Dr Sawh ‘race’ probe hits snag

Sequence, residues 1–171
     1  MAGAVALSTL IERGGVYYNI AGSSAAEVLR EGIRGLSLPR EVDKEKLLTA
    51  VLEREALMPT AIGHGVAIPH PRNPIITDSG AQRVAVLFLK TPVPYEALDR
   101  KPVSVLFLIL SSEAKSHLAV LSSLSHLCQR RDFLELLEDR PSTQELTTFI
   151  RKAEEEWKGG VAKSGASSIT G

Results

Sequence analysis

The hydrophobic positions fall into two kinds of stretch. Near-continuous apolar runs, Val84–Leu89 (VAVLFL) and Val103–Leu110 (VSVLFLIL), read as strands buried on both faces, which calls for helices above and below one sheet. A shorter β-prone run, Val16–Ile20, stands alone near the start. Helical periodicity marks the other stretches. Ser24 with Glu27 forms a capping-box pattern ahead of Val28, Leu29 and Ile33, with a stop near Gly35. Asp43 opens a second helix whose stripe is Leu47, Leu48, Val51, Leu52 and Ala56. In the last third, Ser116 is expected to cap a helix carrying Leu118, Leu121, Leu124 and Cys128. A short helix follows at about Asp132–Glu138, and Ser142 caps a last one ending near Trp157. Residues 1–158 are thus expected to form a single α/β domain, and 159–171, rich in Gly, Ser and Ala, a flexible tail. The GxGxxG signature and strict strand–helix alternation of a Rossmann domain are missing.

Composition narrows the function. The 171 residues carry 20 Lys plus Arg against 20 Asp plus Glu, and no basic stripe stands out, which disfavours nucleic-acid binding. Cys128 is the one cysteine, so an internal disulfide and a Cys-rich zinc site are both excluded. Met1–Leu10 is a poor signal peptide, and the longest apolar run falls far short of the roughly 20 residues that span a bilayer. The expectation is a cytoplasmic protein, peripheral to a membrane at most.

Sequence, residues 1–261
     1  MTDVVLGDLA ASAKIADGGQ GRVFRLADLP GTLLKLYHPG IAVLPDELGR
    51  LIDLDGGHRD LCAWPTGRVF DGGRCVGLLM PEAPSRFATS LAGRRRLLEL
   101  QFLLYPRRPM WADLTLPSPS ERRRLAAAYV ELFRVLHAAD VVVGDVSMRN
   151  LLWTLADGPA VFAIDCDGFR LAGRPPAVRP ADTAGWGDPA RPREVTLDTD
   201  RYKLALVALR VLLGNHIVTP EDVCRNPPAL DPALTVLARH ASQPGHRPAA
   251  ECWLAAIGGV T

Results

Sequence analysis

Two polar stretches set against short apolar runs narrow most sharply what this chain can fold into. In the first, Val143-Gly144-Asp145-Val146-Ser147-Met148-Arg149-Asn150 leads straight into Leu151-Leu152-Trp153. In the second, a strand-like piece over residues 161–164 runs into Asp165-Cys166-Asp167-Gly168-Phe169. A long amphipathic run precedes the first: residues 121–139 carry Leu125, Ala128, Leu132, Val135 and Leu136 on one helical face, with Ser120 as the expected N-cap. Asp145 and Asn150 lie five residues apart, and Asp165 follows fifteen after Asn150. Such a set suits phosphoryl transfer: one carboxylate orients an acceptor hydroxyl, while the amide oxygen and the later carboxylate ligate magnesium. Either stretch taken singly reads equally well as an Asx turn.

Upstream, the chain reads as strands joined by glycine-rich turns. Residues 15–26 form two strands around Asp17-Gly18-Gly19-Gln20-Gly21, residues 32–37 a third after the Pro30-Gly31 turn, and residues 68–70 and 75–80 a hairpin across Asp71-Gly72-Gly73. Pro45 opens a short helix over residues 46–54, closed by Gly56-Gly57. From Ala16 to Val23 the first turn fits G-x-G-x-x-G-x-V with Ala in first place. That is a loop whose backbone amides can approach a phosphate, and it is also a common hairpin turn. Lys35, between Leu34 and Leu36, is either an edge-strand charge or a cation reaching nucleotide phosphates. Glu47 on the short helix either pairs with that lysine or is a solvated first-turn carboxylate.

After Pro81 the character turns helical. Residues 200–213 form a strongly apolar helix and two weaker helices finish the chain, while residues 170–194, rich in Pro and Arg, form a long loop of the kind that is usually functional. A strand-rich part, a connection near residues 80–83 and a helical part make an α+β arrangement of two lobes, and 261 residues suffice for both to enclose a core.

THE investigation into allegations of racial slurs by San Fernando-based doctor Avinash Sawh is now at a standstill because of a procedural flaw. As a result, the Council of the Medical Board of Trinidad and Tobago has withdrawn its original letter to Sawh outlining five complaints about his behaviour and is now seeking to restart the complaints process, as the original complaints were not done on signed Medical Board complaint forms. The Board will decide at its regular monthly meeting next month if it will embark on a fresh probe. The Medical Board’s attorney, Rajiv Persad, however emphasised yesterday that the probe into Sawh is not over and that he has not been cleared. Speaking to the Express via telephone yesterday, Persad said: “What we decided is that we will finish the complaints process and at the next meeting we will see if any of those persons fill out the form and sign it and if they do that, the Council in February will revisit its decision whether to hold an enquiry. So it’s not that it (investigation) has come to an end.” Persad pointed out that even without an official complaint, the Council can exercise its powers under Section 24 of the Medical Board Act and conduct a probe into a medical practitioner. Sawh is under probe regarding racist comments he made in a series of audio recordings and his use of abusive language towards his former employee Arielle Figaro. The doctor, who owns Sawh’s Medical Associates in San Fernando, apologised for his behaviour a week after the recordings were leaked to social media in November. The five people who originally complained to the Medical Board about the doctor were Health Minister Terrence Deyalsingh, Dr Andre Alleyne, actor Karian Forde, Denica Richards and Justin Ramroop. Their complaints attached to a letter sent by the Board to Sawh’s attorney Martin George on November 12. New decision However, in a letter to George yesterday, Persad said he agreed with George that the dispatching of the November 12 letter without the Council first obtaining the signed complaint forms was premature and that such a step should have been completed before the letter was dispatched. He also noted that “any proceedings relative to the conduct of any medical practitioners must be conducted in a manner that is fair”. Persad said he advised the Council that the “most sensible” way of dealing with George’s concerns will be for the Council to withdraw its November 12 letter to Sawh. He said the Council accepted his advice, and during its regular monthly meeting for January, it agreed to formally withdraw the letter. “This course of action we think is reasonable as it would allow the Council to determine whether any of the persons who raise complaints/ concerns are willing to formally fill out and sign the complaint form,” Persad stated. “If that happens, that material as well as whatever other material that the Council has before it that is relevant will be submitted to the Council who will consider afresh whether or not an enquiry may be warranted,” he said. He said the Council will make every effort to have the process completed over this month to allow the people who raised concerns an opportunity to fill out and sign the complaint form should they choose to do so. “Having regard to the urgency of the matter, I have also advised the Council that at its next regular monthly meeting in February 2021 it should make a new decision as to whether, based on the material before them, they should embark upon an enquiry. Needless to say I have advised them of the options open to them under Section 24 of the Medical Board Act,” he added. Complaints flaw not incurable On December 1, George issued pre-action protocol letters to the Board claiming that the five complaints made against his client were not done on the Board’s official complaint form. He said as a result of this, the complaints were all “wholly flawed, null and void”. He urged the Board not to try to remedy the situation by trying getting complainants to resubmit their complaints using the correct complaint procedure. He gave the Board until January 12 to quash its probe relating to the five complaints. George again wrote the Board on December 15 accusing it of being “tainted with bias” against his clients and stepping out of its statutory remit by secretly reaching out to people to invite them to file complaints against Sawh. He alleged that one such person the Board contacted was Sawh’s former employee Arielle Figaro. However, in its letter yesterday, the Board denied this and asked that proof be provided. The Board also denied George’s suggestion of bias and said it disagreed with him that the flaw in the complaints process was incurable at this stage. It also said it was “a bit confused” by George’s December 15 letter in which he took issue with the Council sending out letters to people who had raised concerns about Sawh and enclosing a complaint form and inviting those people to fill out the complaint form. George: Board acted properly Responding to the Board’s decision, George told the Express via telephone yesterday that he felt the Board acted “properly”, based on the advice from its attorney. “This is in keeping with the position we had advanced, which is if there is no proper due process, procedural process and adherence to the principles of natural justice then your complaints process then becomes flawed and tainted. So that’s why they had to withdraw this letter where they had raised these five original complaints. We raised objections to every aspect to those five original complaints,” he said.